I believe this is now an antique store.
Dr. Joel Watkins began selling barbecue here in 1929, making it the oldest pit-cooked barbecue establishment in Georgia still in its original location. Upon Dr. Watkins’ death in 1945, the business was purchased by longtime manager, George W. “Toots” Caston, who is credited with making Fresh Air Barbecue into the institution it is today. Caston made improvements to the cooking process, the sauce, and the Brunswick stew recipe and expanded the business from a drive-in to a dine-in. Even the coming of I-75 couldn’t keep people away from Fresh Air, with many travelers taking the exit just to experience the legendary fare of the “Barbecue Place”. Still boasting one of the shortest menus in the business, there are no frills here, just barbecue, Brunswick stew, pickles and potato chips, and pecan, lemon or Reese’s pie for desert if you need something sweet for the road. And you can buy a whole ham if you’d like. There’s a Macon location today that has a few additional items, but you really should go to the original first.
Between Summerville and the Alabama line on Georgia Highway 114, Lyerly is located in one of the most scenic areas of Northwest Georgia.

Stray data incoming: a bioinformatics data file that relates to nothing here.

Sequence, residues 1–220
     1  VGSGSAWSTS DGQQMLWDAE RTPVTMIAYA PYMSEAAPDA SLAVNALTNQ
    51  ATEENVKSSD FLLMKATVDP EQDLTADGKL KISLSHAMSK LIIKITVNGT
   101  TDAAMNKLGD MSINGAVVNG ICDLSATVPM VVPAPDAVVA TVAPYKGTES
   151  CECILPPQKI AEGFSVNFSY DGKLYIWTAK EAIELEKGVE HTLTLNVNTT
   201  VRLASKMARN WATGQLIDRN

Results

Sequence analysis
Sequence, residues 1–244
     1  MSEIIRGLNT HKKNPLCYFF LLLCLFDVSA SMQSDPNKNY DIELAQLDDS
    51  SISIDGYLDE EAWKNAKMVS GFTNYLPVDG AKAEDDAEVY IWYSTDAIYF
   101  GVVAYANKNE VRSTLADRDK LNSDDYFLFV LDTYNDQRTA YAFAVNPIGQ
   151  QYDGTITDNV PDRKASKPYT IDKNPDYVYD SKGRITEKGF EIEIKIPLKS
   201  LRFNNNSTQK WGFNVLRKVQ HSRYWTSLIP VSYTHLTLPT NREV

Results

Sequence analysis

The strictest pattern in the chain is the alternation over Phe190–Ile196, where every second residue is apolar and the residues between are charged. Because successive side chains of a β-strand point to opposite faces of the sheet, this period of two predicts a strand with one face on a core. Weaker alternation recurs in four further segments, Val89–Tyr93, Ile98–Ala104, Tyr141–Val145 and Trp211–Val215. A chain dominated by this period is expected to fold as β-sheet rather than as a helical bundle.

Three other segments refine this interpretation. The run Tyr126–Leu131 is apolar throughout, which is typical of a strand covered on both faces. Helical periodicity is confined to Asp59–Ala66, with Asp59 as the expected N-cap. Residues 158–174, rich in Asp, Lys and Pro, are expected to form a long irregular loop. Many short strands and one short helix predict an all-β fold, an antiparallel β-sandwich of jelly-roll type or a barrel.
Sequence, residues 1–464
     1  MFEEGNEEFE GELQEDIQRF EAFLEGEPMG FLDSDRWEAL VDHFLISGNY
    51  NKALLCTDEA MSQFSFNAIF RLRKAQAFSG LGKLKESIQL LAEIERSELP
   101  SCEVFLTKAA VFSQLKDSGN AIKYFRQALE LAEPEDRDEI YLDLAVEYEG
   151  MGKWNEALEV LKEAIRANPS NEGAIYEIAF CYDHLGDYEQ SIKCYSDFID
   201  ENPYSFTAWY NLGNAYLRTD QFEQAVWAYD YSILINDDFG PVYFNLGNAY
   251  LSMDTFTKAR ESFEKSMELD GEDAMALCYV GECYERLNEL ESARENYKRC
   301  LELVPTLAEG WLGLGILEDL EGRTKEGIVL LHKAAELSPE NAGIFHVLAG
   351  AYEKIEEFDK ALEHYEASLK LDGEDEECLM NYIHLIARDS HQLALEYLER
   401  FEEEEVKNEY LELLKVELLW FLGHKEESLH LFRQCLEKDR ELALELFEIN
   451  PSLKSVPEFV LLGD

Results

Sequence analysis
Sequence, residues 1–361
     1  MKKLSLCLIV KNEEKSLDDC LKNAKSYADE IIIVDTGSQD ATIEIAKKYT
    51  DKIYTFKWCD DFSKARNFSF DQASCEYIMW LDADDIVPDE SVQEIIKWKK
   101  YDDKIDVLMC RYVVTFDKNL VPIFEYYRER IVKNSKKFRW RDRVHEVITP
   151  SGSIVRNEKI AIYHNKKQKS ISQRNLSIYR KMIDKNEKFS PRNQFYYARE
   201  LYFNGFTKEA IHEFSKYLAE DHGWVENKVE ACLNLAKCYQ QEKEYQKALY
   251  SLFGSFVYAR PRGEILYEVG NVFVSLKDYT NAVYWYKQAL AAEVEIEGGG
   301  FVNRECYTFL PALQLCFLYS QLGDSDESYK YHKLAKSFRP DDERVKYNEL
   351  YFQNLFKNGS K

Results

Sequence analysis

A variety of early- to mid-20th-century structures survive in varying states of repair.
It’s not known exactly when Lyerly was established but has close ties to the nearby lost towns of Glenwood and Melville. The Chattanooga Rome & Columbus Railway built a depot in what would become Lyerly in 1888 and the town was incorporated in 1891. It’s thought to be named for Tennessee bank president Charles Abner Lyerly, who had investments in the area.
Marie Hanna writes: The green building is owned by Dickie Tanner. Years ago it was the Dinner Bell Cafe. The Tanner’s used the building for their glove mill. Later a Christian Book Store and bakery was on the right side of the building and a church was on the left side of the the building.
Derek Reynolds, writes via Facebook that this was a sausage factory in the 1940s. Marie Hanna adds that it was later known as the Ragland gas station and was used to store old cars. The Raglands donated to the city a few years ago. Billy W. Gilliland: The building Marie referred to as Ragland gas station is partially correct. It was a gas station, but was officially Ragland’s garage. They worked on cars, trucks and tractors, and fixed flat tires. They also did welding and anything else you needed done. Selling gas was probably just a small part of their business. You could always count on them for quality work and reasonable prices. Prior to that it was Sittion’s garage.